Wednesday, February 10, 2010

The Importance of a South Georgia BFF

Well, now, what would you make with a rusted tin can from a desert coulee near the Columbia River, the Christmas 1931 issue of The Household Magazine, addressed to Magnolia Windham of Fort Valley, Georgia (a gift to me from my dearest friend, Gray, who totally "gets" me), and a spiffy pair of red celluloid shoe buttons (these also turned up in a big jar of old buttons Gray gave me; I told you, she "gets" me)?  Earrings, that's what.  With extra-long gold filled wires and cartoons of pretty little girls modeling the latest fashions.  Sweet and edgy, and long enough almost to tickle your shoulders.  This is something worthy, good looking and steeped in the value acquired by lasting well past its heyday, an ordinary thing that has become a treasure.   Really, there is no such thing as "ordinary" -- it's only an illusion.  Things all around us are extraordinary, every day.

Or you could collage faces from a romantic turn-of-the-century print of Cupid and Psyche, with more rusty tin can and freshwater pearls and binding wire.

Does anyone out there remember the Benday dot?  When you look closely at these old images, you will see they are composed of many very small dots, which is how printers got half tones -- gray.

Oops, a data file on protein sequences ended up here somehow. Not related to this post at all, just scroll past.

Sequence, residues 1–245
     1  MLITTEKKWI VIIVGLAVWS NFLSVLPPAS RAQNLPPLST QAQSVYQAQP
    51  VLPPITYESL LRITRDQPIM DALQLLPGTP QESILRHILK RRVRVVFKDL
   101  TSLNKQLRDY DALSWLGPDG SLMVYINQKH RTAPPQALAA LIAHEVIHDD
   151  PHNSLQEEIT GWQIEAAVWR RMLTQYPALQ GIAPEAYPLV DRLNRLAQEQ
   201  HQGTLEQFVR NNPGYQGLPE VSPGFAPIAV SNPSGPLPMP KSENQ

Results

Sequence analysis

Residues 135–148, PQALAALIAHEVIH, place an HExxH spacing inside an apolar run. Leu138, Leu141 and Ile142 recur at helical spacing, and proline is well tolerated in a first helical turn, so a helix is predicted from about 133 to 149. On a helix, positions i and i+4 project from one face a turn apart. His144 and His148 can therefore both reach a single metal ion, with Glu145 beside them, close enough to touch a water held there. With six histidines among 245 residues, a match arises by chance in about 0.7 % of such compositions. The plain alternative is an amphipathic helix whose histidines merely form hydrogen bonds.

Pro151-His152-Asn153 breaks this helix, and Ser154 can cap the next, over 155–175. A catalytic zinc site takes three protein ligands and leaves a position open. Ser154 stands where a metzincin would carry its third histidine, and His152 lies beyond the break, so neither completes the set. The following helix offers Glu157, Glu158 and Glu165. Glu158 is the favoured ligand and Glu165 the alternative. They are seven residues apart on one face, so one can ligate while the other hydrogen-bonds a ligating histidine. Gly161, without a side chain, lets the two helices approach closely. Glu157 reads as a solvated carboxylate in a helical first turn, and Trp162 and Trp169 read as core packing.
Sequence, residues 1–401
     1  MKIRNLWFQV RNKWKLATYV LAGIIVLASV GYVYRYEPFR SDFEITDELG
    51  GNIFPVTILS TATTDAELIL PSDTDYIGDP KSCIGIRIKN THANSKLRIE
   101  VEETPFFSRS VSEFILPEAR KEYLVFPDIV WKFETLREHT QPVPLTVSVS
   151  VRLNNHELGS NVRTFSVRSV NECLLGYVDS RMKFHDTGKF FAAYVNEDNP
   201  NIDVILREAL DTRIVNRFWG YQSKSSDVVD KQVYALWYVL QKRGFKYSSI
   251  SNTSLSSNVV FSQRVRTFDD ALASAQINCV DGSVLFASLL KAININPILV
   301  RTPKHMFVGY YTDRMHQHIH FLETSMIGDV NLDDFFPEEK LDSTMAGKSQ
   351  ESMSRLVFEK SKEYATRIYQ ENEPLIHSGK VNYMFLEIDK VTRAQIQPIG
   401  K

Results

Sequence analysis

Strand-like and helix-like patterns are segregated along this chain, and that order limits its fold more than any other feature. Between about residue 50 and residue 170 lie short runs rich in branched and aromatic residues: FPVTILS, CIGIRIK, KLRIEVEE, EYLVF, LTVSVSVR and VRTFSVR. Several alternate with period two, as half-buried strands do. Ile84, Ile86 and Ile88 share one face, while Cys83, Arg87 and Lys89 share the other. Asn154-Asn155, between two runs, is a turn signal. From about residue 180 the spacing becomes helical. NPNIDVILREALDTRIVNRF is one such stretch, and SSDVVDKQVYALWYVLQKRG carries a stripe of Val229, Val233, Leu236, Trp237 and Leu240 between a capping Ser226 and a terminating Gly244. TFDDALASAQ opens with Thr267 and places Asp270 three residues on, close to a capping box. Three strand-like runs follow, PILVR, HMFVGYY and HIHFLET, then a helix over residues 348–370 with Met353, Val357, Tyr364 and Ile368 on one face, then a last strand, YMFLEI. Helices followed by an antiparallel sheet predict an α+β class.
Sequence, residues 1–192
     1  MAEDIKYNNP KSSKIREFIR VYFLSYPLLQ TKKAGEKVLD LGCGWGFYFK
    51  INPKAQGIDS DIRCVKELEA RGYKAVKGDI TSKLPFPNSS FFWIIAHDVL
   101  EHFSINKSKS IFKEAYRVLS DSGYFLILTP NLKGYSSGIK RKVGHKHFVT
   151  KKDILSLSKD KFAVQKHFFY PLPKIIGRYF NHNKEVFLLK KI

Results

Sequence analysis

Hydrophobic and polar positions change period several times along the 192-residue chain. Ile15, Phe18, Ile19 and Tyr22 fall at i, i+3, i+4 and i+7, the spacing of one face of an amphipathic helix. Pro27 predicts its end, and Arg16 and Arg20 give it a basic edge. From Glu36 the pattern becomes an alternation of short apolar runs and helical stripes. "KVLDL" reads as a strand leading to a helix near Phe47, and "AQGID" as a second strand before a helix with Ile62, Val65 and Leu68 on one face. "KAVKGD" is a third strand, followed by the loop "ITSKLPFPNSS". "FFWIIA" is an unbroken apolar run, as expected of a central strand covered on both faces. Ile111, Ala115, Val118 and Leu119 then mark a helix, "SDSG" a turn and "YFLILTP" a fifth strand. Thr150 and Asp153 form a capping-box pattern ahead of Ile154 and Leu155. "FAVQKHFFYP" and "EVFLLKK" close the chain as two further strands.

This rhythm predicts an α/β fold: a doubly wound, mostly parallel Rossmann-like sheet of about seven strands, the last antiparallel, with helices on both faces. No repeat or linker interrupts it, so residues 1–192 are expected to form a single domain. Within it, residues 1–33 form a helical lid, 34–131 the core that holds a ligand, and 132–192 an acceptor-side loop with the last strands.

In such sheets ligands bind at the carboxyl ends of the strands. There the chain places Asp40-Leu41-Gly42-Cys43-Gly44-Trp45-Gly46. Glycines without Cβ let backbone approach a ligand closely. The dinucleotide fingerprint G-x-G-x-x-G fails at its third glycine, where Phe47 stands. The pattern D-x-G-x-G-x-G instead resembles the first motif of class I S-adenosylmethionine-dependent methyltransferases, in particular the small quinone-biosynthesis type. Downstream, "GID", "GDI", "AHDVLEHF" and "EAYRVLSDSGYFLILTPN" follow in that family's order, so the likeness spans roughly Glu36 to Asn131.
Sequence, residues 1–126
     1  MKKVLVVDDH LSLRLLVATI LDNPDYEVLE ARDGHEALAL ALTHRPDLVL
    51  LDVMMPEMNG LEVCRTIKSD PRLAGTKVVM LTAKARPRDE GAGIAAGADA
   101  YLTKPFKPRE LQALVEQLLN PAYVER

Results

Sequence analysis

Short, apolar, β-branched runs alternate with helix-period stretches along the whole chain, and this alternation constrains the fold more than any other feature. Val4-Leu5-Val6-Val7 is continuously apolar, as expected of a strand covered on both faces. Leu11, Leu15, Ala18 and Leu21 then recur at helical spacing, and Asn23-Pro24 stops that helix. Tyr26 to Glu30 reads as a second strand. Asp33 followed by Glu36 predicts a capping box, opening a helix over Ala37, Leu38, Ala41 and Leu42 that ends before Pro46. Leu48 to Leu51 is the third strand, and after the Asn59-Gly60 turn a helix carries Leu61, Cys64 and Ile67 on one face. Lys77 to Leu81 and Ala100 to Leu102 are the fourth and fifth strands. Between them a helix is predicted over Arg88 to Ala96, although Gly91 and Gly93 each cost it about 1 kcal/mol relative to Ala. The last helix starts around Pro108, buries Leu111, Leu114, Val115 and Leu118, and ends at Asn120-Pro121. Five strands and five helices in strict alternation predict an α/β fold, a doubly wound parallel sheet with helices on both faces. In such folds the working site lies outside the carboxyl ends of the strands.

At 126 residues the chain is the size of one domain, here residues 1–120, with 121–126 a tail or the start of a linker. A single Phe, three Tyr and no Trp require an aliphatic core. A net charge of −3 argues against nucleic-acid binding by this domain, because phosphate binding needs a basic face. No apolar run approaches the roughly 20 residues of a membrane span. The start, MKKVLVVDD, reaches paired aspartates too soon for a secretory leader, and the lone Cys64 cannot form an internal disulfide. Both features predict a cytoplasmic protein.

For my beloved friend Gray, who knows we are still a couple of ya-yas and if we were in the same classroom the teacher would make us sit on opposite sides of the room.  And I promise I won't make you eat anything with peaches in it, ever.

Wednesday, February 3, 2010

A little day hike in January

The morning view from my studio seemed to promise a rain-free day, which is rare this time of year on the west side of the Cascades.  A good day for a hike on Tiger Mountain, even though we won't see snow. The El Nino weather phenomenon has caused the warmest January on record.  It kind of put a crimp in the snow shoe opportunities around here.

Still, the filtered sunlight on ferns and mosses in springlike weather is magical. On a weekday the trail is quiet and secret.  The air is clean and sweet and seems to glow like stained glass in scattered sunlight.  Everywhere there are beautiful things to see, close and distant.  And even if it hasn't been a good year for snow shoe trips or ice climbing, it has been a year for beautiful ferns, mosses and fungi.

These are polyphores growing on a mossy alder log.  A beauty all its own.